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Receptions of Kant’s philosophy

On the nature of thinking without representation

Abstract

This article focuses on Deleuze’s attempt to describe so-called thinking of differences, which severs any connection with the premises of natural pre-philosophical thinking and good will tending towards good and truth. The author believes that Deleuze’s thinking of differences does have a rather evident premise. For Deleuze, thinking is an energy flow or sensual “vitality”.Another approach to analysing the fundamentals of thinking can be found in Kant’s article “What Does It Mean to Orient Oneself in Thinking?” where he speaks of the “need of reason”. Since the “need of reason” is necessary for the practical interest of reason itself, it directs, according to Kant, not only practical reason, but also general systematic and critical thinking. It is “common sense”, as the location of this “need of reason”, that can and must be accepted as a valid and ra-tional premise for thinking.As a follower of the tradition of Kant’s transcendental philosophy, the founder of Marburg School of Neo-Kantianism, develops and deepens insight into the issue in question thus obtaining original and interesting results.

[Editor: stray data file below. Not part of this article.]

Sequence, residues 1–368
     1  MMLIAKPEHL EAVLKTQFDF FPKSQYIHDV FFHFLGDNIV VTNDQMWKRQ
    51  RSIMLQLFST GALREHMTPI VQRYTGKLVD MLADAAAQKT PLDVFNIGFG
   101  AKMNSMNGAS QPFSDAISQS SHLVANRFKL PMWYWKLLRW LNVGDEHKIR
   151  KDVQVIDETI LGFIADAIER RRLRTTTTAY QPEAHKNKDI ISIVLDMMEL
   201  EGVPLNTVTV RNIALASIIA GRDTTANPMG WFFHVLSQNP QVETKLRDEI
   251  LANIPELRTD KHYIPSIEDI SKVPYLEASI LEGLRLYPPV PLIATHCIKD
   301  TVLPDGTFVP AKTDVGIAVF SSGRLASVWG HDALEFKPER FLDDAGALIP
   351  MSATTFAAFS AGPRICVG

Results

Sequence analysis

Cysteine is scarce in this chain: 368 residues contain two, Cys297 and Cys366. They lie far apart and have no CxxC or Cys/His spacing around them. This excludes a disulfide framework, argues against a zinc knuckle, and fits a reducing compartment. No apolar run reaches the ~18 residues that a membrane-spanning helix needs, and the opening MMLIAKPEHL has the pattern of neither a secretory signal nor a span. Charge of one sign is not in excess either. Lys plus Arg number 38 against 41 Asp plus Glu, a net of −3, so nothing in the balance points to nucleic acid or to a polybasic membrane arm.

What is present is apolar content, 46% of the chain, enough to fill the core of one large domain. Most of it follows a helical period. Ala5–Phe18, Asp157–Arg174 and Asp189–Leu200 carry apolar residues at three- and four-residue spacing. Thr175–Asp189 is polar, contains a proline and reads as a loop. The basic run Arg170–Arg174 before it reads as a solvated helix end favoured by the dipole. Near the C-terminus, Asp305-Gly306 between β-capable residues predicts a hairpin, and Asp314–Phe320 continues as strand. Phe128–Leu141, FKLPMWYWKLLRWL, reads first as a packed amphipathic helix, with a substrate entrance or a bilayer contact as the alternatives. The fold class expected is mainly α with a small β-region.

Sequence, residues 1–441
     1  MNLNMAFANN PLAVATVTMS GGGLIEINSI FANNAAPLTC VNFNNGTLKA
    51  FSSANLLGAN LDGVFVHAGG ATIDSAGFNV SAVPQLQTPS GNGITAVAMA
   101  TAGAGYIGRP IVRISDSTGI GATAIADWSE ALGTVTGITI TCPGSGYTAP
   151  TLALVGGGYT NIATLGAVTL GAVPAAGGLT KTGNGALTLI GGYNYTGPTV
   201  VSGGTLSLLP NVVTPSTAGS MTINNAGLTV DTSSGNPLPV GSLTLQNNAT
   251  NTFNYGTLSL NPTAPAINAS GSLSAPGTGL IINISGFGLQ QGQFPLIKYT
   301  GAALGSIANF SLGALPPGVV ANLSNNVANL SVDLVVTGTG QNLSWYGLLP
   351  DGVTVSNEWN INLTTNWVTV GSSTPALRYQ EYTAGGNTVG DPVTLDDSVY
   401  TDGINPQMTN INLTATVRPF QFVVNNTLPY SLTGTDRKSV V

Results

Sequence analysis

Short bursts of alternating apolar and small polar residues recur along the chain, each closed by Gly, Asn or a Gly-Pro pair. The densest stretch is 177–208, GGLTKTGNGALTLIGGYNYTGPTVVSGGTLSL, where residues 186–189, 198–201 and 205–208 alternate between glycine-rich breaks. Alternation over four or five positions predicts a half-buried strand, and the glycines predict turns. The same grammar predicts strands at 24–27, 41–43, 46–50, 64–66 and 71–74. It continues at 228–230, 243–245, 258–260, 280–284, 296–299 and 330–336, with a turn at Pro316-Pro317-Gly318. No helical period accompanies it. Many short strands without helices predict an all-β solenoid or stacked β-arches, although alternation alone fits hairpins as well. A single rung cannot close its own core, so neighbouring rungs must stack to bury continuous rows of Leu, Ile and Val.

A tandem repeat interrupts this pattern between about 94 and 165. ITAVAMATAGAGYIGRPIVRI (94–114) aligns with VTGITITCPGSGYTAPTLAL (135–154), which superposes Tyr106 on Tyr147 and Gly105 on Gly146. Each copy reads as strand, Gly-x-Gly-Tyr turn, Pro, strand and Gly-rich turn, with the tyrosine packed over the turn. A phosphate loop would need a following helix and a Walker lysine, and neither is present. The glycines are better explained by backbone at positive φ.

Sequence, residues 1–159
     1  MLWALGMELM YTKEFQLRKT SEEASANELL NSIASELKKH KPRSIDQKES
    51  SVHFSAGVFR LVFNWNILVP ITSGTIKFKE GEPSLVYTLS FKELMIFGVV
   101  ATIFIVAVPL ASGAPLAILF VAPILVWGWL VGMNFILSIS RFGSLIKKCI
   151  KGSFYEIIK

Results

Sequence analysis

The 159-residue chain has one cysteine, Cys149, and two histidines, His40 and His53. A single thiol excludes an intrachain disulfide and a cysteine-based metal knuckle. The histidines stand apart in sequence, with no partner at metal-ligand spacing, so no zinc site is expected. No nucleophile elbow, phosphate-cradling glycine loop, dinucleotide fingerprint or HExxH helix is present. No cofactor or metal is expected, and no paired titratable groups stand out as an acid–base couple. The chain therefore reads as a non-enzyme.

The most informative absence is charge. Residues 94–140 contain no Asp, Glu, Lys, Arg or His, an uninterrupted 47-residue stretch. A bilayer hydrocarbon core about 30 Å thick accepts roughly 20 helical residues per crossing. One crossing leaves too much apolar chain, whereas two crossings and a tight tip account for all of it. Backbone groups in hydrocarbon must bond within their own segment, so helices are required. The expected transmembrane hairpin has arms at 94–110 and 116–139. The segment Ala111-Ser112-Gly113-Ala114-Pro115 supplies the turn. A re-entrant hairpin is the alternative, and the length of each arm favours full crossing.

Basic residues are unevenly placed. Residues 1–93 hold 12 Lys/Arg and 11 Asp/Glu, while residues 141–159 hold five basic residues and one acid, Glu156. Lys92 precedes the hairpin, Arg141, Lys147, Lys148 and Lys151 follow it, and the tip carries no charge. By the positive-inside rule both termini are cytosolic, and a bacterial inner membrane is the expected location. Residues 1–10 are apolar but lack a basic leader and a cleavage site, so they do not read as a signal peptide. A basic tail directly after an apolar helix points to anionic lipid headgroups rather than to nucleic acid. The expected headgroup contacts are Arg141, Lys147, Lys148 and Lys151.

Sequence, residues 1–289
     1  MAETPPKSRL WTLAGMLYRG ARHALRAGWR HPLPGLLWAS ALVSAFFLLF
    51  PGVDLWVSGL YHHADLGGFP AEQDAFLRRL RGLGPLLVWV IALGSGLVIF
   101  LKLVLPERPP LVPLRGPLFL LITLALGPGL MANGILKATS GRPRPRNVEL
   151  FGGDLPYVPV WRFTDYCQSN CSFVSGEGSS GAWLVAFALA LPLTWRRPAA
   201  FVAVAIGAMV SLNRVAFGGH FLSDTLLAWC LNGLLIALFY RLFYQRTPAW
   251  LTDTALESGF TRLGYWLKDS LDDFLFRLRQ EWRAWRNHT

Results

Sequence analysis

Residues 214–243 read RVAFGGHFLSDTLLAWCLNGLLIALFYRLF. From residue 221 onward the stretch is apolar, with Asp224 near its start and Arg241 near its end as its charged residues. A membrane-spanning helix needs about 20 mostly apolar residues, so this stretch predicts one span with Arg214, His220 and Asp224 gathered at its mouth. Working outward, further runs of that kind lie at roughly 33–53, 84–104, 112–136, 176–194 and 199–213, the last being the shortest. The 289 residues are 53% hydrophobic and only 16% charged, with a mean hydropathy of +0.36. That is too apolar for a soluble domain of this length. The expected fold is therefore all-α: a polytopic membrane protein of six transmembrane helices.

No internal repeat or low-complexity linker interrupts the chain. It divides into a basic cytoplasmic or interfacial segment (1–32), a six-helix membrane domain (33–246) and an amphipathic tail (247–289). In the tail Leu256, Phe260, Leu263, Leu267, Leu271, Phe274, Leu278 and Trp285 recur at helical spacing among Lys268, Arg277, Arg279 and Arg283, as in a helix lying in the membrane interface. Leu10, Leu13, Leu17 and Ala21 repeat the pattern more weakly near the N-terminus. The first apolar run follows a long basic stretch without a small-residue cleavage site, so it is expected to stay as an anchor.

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Logic and argumentorics

Steven Makin’s ontological argument: The concept of necessary exis¬ten¬ce of God

Abstract

This article deals with one of the most elegant and non-standard versions of the modal onto-logical argument for God’s existence, which was proposed by the analytic philosopher Stephen Makin in 1988. He managed to avoid the famous criticism of Kant concerning the impossibility of acknowledging the predicate ‘to exist’ as real. Makin’s argument is not based on proving the presence of necessarily exemplified concepts rather than the necessary existing object. He argues that there is at least one (and possibly unique) such concept — Anselm’s famous "that than which none greater can be conceived".There are three key ideas, namely: 1) there are no reasons to consider that class of necessarily exemplified concepts as non-empty; 2) interchangeability of alethic modalities does not seem to be a valid argument; 3) there are additional complications that were not mentioned in earlier analyses. In particular, the proof does not take into account the multilevel structure of ontology, whose hier¬archy of levels determines, as a rule, what entities exist in ontology in the true sense of the word. In addition, Makin’s approach can be described in terms of Tichy’s "offices", which makes it impossible to consider God as omniscient, omnipotent, and omnibenevolent.